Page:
>> software on a PC and teach from that. The waveform simulation is quite
    >> good for instruction purposes.

    >
    > Exactly. To learn vhdl, all I need is
    > 1. A simulator to prove that my code is functional, and
    > 2. Synthesis software to verify that my code
    > synthesizes, fits, and makes Fmax.
    > Flashing the LED on the board is just icing on the cake.


    That assumes that all you want to do is flash an LED - as soon as you
    have something more complex to interface to you have the problem of
    getting models. Often you write your own, which means simulation
    works fine (after all, I wrote both sides of the interface, it's bound
    to work together). It's not until you try it on real hardware that
    you discover where the holes inyour model of external devices are.

    Also, there's something fulfilling (in the early days at least) of
    seeing real lights flashing. I remember my first VHDL course - we
    "made" a digital clock, but all in simulation - it didn't feel like
    I'd achieved anything. The icing can be very tasty :)

    >> This may seem obvious
    >> but our problem is finding time in the curriculum to do this on top of
    >> dealing with the real course content (processor architecture).

    >
    > Why is always a candy machine or a processor? ;)


    I like non-framebuffer video demos - hook up a pin each to RGB, VS and
    HS of a VGA monitor

    * First make the sync pulses.
    * Draw a box around the edge of the screen (good for catching off-by-one
    errors in the counters and decode when you get a 2 pixel line down one
    side :)

    Work up from there -
    * Make a pixel "bounce" around the screen
    * Make it a circular blob
    * All the way up to doing a pong game
    - put scores up, read some up/down switches (or even pots),
    multicolour, on-the-fly 3d-rendering (well, for the advanced
    student :)
    * Put in a coin slot and you could even have the coin-counting state-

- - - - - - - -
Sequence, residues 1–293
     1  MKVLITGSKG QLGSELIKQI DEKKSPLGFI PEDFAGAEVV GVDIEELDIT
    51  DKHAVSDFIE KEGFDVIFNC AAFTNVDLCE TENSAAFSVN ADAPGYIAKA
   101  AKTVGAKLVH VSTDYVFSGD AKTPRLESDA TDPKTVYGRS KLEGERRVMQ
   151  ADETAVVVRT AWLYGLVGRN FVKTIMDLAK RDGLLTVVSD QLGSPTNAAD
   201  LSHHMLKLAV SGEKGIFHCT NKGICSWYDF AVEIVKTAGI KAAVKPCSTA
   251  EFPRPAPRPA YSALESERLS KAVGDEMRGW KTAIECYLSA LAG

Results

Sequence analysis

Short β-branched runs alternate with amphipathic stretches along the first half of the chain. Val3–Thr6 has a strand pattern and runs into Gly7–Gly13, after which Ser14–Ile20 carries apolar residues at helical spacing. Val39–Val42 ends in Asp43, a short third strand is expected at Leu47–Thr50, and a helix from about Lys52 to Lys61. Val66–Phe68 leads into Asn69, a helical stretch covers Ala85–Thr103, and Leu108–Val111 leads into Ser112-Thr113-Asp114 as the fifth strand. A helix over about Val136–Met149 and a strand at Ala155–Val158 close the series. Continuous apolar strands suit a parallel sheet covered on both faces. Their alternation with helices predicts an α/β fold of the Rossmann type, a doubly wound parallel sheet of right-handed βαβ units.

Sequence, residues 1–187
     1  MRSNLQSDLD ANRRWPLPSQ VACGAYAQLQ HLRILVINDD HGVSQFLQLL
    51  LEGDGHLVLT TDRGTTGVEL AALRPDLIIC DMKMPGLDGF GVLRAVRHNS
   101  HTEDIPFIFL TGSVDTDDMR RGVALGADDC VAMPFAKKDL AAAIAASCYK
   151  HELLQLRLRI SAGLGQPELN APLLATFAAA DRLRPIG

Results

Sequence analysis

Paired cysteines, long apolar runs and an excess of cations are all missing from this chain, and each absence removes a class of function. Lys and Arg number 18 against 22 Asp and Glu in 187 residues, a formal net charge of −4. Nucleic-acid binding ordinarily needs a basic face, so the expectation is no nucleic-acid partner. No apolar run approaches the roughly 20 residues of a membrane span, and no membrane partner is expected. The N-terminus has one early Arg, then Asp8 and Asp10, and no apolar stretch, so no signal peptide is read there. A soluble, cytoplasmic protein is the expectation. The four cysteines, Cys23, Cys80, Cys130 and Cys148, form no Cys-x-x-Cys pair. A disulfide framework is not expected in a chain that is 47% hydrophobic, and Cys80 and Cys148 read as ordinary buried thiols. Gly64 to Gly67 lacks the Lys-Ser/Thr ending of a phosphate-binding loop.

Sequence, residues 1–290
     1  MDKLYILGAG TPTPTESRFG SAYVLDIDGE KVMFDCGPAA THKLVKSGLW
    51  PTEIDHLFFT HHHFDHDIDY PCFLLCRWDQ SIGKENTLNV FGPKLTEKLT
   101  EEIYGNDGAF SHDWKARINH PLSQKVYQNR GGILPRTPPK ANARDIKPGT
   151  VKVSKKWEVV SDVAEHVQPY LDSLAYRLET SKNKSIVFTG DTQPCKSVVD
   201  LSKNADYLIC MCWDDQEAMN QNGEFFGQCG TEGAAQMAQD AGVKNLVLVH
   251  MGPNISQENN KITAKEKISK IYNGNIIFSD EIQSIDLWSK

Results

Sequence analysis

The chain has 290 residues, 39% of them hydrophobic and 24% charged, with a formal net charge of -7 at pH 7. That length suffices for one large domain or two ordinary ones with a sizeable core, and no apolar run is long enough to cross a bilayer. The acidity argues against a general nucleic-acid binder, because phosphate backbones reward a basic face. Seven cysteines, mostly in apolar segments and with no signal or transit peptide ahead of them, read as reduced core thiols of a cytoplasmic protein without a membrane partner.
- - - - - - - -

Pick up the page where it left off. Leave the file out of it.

machine so beloved of academia before you get to play a game :)

    Cheers,
    Martin

    --

    TRW Conekt - Consultancy in Engineering, Knowledge and Technology
    http://www.conekt.net/electronics.html
     
    Martin Thompson, Nov 26, 2007
    #7
  8. jdw

    Chris Maryan Guest


    > > This may seem obvious
    > > but our problem is finding time in the curriculum to do this on top of
    > > dealing with the real course content (processor architecture).

    >
    > Why is always a candy machine or a processor? ;)
    >
    > -- Mike Treseler


    In this course, yes, a processor but it's a course about processors so
    I suppose it's legit. To our credit, in an intermediate course the
    students here do an image decoder/encoder. The idea being they get
    close to a real world FPGA application like MPEG decoding. Video would
    be too much at that level, but still image processing that involve
    colour space conversion, compression, etc is a good start.

    Chris
     
    Chris Maryan, Nov 26, 2007
    #8
  9. jdw

    Guest

    On Nov 24, 7:01 pm, jdw <> wrote:
    > I hope I am not being presumptuous in seeking assistance from this
    > group. I have been trying to research material with respect to a
    > digital course I am teaching at a technical college in Edmonton,
    > Alberta Canada (NAIT). The course is introductory in nature and is
    > presently covering the usual digital topics including PLD programming
    > quite well, however we are still back in the CUPL/palce22v10 era,
    > which of course is embarrassing. I am toying with introducing Matlab
    > (we could use it later in other courses) since it now appears to
    > provide a means of creating VHDL code. Having read intensively for a
    > couple of weeks I now see VHDL as a workable language, but probably
    > excessively demanding of the students I am dealing with. Of course
    > there is also the issue of the hardware that would be used in this lab/
    > lecture course. To this moment I have been in contact with Aldec and
    > am considering a development kit from Xilinx.
    >
    > In Alberta we have many dinosaurs, but I would prefer not to be one of
    > them. If you feel you could comment constructively and don't mind
    > taking a few minutes, I would be most appreciative. I am not that
    > far from retirement age, have an EE degree, and am just trying to do
    > my bit to improve the quality of what we are offering our students.
    > It is very challenging jumping into something as complex as FPGA
    > programming as you can no doubt understand.
    >
    > Jack


    In addition to the UP2, there are other options. A MAX-II board
    (think of it as 200 of your 22V10's in one chip) can be had for as
    little as $50. Similar boards exist for the CoolRunner.

    Both Altera and Xilinx have special programs for educators. I have
    taken advantage of both, and they were both very valuable.

    While everything they *need* can be done with just a simulator, do not
    undervalue blinking lights. Having their work manifest itself in a
    "real" object makes the connection much stronger, and stimulates
    learning.

    Having taught a couple of VHDL classes, I can very strongly recommend
    the Peter Ashenden books. The Student's Guide for beginners, and the
    Designer's Guide for advanced students and instructors.

    I hope this helps,
    G.
     
    , Nov 26, 2007
    #9